I have been aware of problems in the education system for as long as I can remember.
As a child growing up in the late 1940s, I was persecuted by the fear of failing the 11+. Both my elder sisters had succeeded and my first brush with probability theory was recognising that similar success for me had to be questionable. And for 80 percent of each generation it was so, with many children bearing this hallmark of educational failure for the rest of their lives.
One of my jobs as a young teacher was in a school with 12 classes streamed on the basis of three timed tests. The validity and reliability of such assessment was highly questionable, yet it determined the course of future lives. One of my – very clever – pupils moved up a stream each year but, because he only stayed for the five years of compulsory secondary schooling, never even reached the upper half.
As a classroom researcher in the 1970s I sat through hours of lessons often in poorly designed, uncomfortable classrooms. Some lessons were stimulating but others were desperately boring regurgitations of an uninspiring syllabus.
Today the education system, in many ways, is much improved. Yet urban eleven-year-olds and their parents face a bewildering array of schools. City parents, in such a market economy, have to gamble on which preferences to express, taking into account their geographical location, the SATs results of their offspring, their religious (or non-religious) leanings and their willingness to pay for private tuition.
Academies – answerable only to the Secretary of State – founded with the noble aim of providing a better deal for poor children (just like the “public schools” of past centuries) are re-positioning themselves and using their generous resources to attract pupils with the best odds of success. Free “parent-led” schools are popping up even where there is ample provision and are frequently dedicated to particular faiths. Exams appear to be growing more difficult and universities are getting more expensive. Most sadly, English childhood appears to be much less happy than that of many of our neighbouring countries.
The English education system seems as far from a universal, inclusive, system as it ever was. Yet, the best teaching I have seen anywhere has often been in England and, in general, schools seem well-led. I believe these problems have been caused by recent governments’ (from all political parties) determination to turn the education system into a competitive market economy complete with league tables and punitive inspections.
In contrast, the Nordic school systems that I have observed operate in a different, happier, culture. They provide high quality pre-school provision and admit children into school one or even two years later than in England. The pace of learning is more relaxed and, wherever possible, failure is avoided. Nordic young people continue developing and frequently overtake the ‘English early starters’ and become well-educated adults.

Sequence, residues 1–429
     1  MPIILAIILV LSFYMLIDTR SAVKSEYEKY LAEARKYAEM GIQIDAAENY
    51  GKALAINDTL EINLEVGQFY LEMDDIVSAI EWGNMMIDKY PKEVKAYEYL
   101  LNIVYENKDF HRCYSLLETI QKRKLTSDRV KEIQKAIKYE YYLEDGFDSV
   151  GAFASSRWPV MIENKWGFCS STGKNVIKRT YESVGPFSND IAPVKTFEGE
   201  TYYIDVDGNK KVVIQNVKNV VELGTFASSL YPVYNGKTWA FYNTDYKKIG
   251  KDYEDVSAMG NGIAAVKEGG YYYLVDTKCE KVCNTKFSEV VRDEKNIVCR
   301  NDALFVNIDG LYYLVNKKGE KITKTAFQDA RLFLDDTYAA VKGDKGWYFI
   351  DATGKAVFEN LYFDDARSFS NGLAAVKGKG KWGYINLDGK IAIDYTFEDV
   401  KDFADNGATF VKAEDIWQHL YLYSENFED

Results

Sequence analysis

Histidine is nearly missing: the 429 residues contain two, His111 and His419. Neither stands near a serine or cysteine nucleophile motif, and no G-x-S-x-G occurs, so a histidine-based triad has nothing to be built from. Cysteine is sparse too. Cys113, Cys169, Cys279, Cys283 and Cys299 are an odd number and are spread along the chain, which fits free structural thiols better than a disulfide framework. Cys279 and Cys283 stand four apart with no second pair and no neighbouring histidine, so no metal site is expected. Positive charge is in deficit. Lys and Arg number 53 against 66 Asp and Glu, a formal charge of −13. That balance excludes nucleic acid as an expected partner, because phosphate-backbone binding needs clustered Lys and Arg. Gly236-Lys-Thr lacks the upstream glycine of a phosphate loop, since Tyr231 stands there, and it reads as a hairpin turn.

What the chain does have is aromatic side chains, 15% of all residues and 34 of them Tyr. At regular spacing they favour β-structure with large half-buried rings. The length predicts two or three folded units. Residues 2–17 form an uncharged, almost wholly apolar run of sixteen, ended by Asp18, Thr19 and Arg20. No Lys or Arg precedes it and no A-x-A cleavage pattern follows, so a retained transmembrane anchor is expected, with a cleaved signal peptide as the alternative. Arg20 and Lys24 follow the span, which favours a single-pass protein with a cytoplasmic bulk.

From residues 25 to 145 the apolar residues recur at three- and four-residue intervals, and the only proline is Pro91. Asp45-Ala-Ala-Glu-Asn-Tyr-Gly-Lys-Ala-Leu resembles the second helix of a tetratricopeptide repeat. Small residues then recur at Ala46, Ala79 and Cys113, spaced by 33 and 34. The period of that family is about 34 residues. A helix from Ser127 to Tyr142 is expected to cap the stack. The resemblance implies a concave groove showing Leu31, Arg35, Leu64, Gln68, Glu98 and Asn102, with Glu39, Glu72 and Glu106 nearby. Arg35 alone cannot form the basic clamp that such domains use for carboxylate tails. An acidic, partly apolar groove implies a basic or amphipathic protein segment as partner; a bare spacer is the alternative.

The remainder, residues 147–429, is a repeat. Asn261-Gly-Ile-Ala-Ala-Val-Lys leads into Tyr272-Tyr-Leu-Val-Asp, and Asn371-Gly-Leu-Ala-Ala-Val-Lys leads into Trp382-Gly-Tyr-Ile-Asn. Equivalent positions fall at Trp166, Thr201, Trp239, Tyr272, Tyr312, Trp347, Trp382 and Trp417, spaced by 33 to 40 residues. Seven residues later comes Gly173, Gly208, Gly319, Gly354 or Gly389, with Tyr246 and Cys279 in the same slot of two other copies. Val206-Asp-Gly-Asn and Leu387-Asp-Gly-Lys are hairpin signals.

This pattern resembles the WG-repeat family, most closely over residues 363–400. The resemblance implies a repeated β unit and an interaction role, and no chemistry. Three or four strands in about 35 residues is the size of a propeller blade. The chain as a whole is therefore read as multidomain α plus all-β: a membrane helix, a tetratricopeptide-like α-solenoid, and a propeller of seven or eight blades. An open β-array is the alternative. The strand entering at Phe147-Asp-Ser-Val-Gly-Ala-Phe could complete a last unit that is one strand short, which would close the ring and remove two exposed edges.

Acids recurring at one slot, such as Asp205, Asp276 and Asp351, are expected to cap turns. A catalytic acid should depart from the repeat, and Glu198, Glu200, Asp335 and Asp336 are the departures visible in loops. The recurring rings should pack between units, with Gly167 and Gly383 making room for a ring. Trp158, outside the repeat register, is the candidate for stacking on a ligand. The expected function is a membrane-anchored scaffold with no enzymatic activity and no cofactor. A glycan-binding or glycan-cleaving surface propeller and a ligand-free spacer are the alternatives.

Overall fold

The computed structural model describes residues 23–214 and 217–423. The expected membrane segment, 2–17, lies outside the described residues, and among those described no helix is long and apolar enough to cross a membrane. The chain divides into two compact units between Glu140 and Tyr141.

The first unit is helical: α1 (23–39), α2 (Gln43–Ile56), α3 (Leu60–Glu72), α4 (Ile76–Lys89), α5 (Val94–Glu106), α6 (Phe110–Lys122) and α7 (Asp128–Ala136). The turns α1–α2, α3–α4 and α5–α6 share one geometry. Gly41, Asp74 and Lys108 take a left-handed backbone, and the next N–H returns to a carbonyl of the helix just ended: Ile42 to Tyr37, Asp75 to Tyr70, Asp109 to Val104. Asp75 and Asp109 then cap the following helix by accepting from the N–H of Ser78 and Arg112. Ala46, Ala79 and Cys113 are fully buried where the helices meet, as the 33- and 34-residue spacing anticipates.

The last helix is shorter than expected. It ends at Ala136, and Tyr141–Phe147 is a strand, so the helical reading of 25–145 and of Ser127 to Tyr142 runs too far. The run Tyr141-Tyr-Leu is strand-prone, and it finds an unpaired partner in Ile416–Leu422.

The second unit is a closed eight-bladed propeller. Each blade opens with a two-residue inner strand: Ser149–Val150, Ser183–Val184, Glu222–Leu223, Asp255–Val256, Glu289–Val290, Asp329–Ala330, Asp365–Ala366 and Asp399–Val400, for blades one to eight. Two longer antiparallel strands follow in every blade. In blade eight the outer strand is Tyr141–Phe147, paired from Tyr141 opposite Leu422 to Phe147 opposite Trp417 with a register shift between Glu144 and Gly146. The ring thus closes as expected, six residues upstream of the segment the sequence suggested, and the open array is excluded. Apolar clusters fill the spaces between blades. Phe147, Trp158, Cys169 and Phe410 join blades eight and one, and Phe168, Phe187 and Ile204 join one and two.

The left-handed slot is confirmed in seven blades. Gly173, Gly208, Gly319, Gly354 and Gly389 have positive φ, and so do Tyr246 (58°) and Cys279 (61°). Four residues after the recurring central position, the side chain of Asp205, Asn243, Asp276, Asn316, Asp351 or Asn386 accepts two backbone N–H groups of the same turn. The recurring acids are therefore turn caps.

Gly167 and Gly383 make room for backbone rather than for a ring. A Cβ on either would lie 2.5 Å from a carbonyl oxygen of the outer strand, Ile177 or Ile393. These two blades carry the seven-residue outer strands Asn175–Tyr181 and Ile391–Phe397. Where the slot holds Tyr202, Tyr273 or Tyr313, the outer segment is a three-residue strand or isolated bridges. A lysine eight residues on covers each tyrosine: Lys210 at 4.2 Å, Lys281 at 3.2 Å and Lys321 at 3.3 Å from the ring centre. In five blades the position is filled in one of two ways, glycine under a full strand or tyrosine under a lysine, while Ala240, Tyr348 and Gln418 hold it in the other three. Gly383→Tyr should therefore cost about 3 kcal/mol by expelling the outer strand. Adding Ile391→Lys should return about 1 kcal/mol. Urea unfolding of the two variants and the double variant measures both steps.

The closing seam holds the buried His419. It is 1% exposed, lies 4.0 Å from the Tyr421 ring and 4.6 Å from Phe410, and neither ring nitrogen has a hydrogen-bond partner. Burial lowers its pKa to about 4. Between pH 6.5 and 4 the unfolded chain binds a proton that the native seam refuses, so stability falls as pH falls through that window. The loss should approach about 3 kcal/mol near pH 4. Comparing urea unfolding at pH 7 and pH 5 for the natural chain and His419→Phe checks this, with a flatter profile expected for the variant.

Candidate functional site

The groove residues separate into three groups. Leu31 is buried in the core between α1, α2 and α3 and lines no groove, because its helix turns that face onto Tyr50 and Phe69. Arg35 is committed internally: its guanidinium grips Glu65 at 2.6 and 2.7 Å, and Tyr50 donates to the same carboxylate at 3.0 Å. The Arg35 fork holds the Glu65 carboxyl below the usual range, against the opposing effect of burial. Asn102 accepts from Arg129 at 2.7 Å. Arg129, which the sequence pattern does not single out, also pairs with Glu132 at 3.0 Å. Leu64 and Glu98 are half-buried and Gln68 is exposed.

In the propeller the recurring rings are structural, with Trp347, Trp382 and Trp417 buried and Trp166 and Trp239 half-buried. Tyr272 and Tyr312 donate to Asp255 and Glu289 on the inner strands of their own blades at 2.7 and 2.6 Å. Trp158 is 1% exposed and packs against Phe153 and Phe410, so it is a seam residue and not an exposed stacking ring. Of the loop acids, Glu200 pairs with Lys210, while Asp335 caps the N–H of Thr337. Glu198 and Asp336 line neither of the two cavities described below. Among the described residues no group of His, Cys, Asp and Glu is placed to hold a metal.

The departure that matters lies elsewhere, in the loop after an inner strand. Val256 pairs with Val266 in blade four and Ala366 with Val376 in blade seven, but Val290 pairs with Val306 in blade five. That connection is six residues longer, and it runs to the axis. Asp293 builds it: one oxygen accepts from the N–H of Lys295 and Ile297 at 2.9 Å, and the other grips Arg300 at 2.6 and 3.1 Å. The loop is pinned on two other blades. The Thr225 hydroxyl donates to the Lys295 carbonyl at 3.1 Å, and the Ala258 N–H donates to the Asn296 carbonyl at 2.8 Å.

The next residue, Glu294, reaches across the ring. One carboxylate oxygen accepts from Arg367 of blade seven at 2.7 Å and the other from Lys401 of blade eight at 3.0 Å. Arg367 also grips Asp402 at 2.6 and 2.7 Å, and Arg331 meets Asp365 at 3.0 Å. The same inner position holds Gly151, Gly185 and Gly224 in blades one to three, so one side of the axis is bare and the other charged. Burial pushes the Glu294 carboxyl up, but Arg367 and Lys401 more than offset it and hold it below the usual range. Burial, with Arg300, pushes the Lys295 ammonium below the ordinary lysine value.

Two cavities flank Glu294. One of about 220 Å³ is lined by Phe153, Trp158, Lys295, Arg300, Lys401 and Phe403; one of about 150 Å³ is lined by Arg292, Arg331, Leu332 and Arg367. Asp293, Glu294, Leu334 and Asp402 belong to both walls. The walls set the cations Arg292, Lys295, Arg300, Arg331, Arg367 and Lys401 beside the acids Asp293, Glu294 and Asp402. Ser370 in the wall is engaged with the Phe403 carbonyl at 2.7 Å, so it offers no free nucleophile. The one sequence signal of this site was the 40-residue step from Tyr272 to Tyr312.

So what can we do to improve the system? How can we learn from our North European neighbours? How can we draw on the strengths and mitigate the weaknesses of our current arrangements? And how can we persuade our Government to create a fairer, happier and more effective education system better suited to life in the 21st century?
My proposals are to try and ensure greater fairness in the system:
• Fairness in all funding: no more favoured schools getting large bonuses. The only payment above actual costs should be an extra sum for pupils with special needs.
• Fairness in governance – with all schools having uniform powers and working within the same national context.
• Fairness in what can be taught – with a limited National Curriculum available to all pupils.
• Fairness in licence to innovate in organisation and pedagogy.
• Fairness in inspections – with the aim being to ensure that all schools are above an acceptable level rather than attempting to fine grade them on the basis of unreliable – and very limited – knowledge.
• Fairness in assessment – helping as many pupils as possible reach the highest levels rather than seeking artificially to restrict success on the mistaken Kingsley Amis principle that “more will mean worse”.
• Fairness in the allocation of pupils to schools so that all schools recruit a “balanced intake” – pupils who find learning easy and those who do not; those coming from relatively advantaged social, cultural and economic family backgrounds and their opposites.
Of course these are huge challenges. My suggestions require much elaboration and refinement. They will be resisted by the politicians associated with the current system and by parents satisfied with the privilege enjoyed by their children. Other people will have to be convinced that what is proposed will be better.
But such a set of ideas offer a chance of solving the worst problems and of creating a fairer education system better suited to life in the 21st century.
I’ll be talking about these ideas at a seminar at the IOE on 10 December. hope you will come along and contribute to the discussion.